Australia's Biosecurity Act — now being used to stop citizens entering their own country — is making global headlines. And not for the first time.
Not long after the laws were passed with bipartisan support back in 2015, Johnny Depp and Amber Heard felt the force of the new powers when they smuggled their Yorkshire terriers, Pistol and Boo, into Queensland without first quarantining them.
Then Agriculture Minister Barnaby Joyce threatened to have the dogs killed if they weren't immediately flown out of the country. "It's time that Pistol and Boo buggered off back to the United States", he thundered.
The terriers were promptly evacuated on a private jet, Depp and Heard recorded a bizarre video apology, late-night comedians had a field day and the tough powers of Australia's Biosecurity Act were widely applauded.
Most agreed Australia was right to take a hard line in protecting its unique plants and animals from the threat of foreign disease. Little attention though was given to the act's extraordinary powers in relation to humans.
Extraordinarily broad scope
As he introduced the legislation, Joyce told parliament the powers relating to human health would be "seldom used." They were certainly seldom discussed, until a global pandemic came along.
When COVID struck last year, the virus was quickly declared a "listed human disease" under the act, giving the Health Minister the power to "determine any requirement that he is satisfied is necessary to prevent or control the entry of the disease into Australia". That's an extraordinarily broad scope, to put it mildly.
Christian Porter, still Attorney General at the time, rightly warned this step would trigger powers that were "strange and foreign to many Australians". People could be stopped from entering or leaving a specified place, for example, or forced into isolation. Cruise ships and flights could be banned from entering Australia.
This was broadly understood, if not unanimously supported, as a nervous nation retreated into lockdown.
What has only now become clear is that these powers can also be used to stop Australian citizens returning home.
At least that's the government's interpretation of the act. Legal opinion differs and yesterday a case was lodged in the Federal Court challenging the ban on constitutional grounds. In the meantime, anyone who finds a way from India to Australia is in breach of the Biosecurity Act.
In a midnight press release on Friday, Greg Hunt warned this could involve hefty fines, "five years' imprisonment", or both.
By Tuesday, after criticism from stranded Australians, the local Indian community, human rights groups, star cricketers, conservative commentators, some Coalition MPs and the opposition, the Prime Minister retreated a little.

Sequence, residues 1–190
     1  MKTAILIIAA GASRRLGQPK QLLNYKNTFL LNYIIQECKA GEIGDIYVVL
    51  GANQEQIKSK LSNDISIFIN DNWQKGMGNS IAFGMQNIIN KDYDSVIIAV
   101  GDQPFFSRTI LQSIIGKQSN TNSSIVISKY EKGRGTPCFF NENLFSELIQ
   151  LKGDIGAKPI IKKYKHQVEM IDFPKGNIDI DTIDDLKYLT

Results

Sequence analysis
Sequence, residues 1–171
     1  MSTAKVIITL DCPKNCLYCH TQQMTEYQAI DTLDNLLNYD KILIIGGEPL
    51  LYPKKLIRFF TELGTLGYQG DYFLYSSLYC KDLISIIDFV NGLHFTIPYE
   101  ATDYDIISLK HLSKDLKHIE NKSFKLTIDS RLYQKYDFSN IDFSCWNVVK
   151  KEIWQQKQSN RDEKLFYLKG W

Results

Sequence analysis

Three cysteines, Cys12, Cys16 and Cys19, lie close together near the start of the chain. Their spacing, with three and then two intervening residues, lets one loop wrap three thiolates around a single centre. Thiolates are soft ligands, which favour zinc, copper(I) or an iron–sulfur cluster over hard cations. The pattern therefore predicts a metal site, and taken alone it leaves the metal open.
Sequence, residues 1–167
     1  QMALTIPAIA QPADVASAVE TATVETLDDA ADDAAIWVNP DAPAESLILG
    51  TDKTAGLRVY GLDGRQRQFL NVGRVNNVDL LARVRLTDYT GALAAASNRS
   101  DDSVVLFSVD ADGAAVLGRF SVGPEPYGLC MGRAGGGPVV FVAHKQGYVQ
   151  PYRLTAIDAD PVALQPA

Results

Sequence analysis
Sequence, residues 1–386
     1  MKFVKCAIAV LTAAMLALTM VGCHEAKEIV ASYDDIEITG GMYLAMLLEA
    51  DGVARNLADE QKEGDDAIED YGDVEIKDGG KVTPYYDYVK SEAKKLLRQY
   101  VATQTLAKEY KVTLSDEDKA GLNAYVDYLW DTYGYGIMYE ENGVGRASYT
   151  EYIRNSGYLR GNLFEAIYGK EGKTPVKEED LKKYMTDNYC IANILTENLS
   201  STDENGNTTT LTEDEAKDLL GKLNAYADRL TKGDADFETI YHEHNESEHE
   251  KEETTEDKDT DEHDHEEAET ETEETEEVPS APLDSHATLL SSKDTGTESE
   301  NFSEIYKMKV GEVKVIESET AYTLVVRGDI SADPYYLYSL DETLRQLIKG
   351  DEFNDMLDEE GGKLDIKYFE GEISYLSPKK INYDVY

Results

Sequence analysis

He said the likelihood of jailing anyone was "pretty much zero". By Wednesday, the Deputy Prime Minister Michael McCormack more emphatically declared on ABC News Breakfast, "nobody's going to be jailed".
How penalties apply is unclear
It's unclear precisely how the government would decide which particular penalties under the act would apply to individuals who do break the law.
This is normally best left to the courts to decide. Leaving to one side this separation of powers issue, this does at least represent a rare rhetorical backdown on border security from the Coalition.
This is the side of politics which isn't usually shy about detaining those who enter the country unlawfully. "Nobody's going to be jailed" isn't the sort of message sent in relation to asylum seekers who "unlawfully" enter the country, for example.
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In truth, saying there's no threat of jail is simply a reaction to the political heat the government's copping from those who think it's gone too far.
Dropping the India travel ban altogether, however, won't happen until the government can demonstrate the risk to Australia has somehow been reduced.
Barnaby agrees with the ban
As for Barnaby Joyce, he has no problem with how the powers under his 2015 Biosecurity Act are now being applied. He echoes what many in the government believe is a widespread community sentiment in favour of doing whatever is necessary to protect Australians in Australia. He doesn't believe people in his electorate or anywhere else want to risk a deadly outbreak or another lockdown.
Joyce tells this column there's a "strong precedence" for this India decision too. "Australians weren't allowed to cross a border between states", he says. Indeed, they faced the threat of fines and jail for doing so.
But linking this India travel ban to state border closures highlights just how far some in the government have shifted.
For much of last year, senior Ministers were highly critical of states for closing borders and effectively pursuing an "elimination" strategy.
It now appears the Commonwealth has moved closer to an elimination approach itself. Its risk appetite when it comes to COVID is certainly lower than it once was; to the point of now banning vulnerable Australian citizens from even returning home to quarantine.
The five state and territory election results since the start of the pandemic confirm the popularity of such a zero-tolerance approach. The Tasmanian election result on the weekend was the most recent example. The political potency of taking a tough line on borders to keep the virus out, has not been lost on Scott Morrison.
The Pistol and Boo saga years ago might have given many a good laugh.
The way the Biosecurity Act is now being applied is deadly serious.
By David Speers